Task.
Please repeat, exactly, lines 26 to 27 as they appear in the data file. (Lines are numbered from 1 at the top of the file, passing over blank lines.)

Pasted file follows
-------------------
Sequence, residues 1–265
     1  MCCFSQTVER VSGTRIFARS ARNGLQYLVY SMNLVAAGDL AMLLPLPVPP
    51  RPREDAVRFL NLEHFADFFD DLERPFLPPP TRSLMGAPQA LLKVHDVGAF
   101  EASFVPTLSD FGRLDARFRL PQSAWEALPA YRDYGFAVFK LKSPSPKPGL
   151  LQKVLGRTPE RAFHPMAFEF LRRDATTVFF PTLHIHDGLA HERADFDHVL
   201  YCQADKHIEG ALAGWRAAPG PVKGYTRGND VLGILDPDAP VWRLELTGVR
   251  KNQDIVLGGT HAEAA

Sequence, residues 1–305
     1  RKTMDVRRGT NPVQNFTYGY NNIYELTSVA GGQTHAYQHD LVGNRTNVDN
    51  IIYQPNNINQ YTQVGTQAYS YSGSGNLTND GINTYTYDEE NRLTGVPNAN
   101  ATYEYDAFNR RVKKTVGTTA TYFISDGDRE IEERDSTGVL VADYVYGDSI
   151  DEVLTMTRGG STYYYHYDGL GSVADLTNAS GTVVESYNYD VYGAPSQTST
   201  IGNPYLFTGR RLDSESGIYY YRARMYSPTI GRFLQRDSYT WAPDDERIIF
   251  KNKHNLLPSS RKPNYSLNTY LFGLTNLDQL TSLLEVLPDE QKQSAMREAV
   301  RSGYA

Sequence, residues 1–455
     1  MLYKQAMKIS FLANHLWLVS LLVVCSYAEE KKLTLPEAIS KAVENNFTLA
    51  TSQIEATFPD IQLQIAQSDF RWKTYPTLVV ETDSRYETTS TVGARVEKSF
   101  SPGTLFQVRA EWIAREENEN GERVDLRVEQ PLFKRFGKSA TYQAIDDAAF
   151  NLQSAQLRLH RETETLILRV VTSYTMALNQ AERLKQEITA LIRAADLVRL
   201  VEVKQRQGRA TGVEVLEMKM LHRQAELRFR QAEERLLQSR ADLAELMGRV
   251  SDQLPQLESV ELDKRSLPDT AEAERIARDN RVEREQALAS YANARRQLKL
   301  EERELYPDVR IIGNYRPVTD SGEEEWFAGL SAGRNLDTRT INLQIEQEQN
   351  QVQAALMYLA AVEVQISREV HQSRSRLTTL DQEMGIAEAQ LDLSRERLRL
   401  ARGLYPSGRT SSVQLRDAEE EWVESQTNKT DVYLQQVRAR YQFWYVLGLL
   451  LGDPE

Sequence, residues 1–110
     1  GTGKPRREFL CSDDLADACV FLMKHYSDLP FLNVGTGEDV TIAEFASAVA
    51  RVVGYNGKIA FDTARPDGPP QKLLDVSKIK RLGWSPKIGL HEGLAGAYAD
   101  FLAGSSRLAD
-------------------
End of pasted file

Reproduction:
   451  LGDPE

Sequence, residues 1–110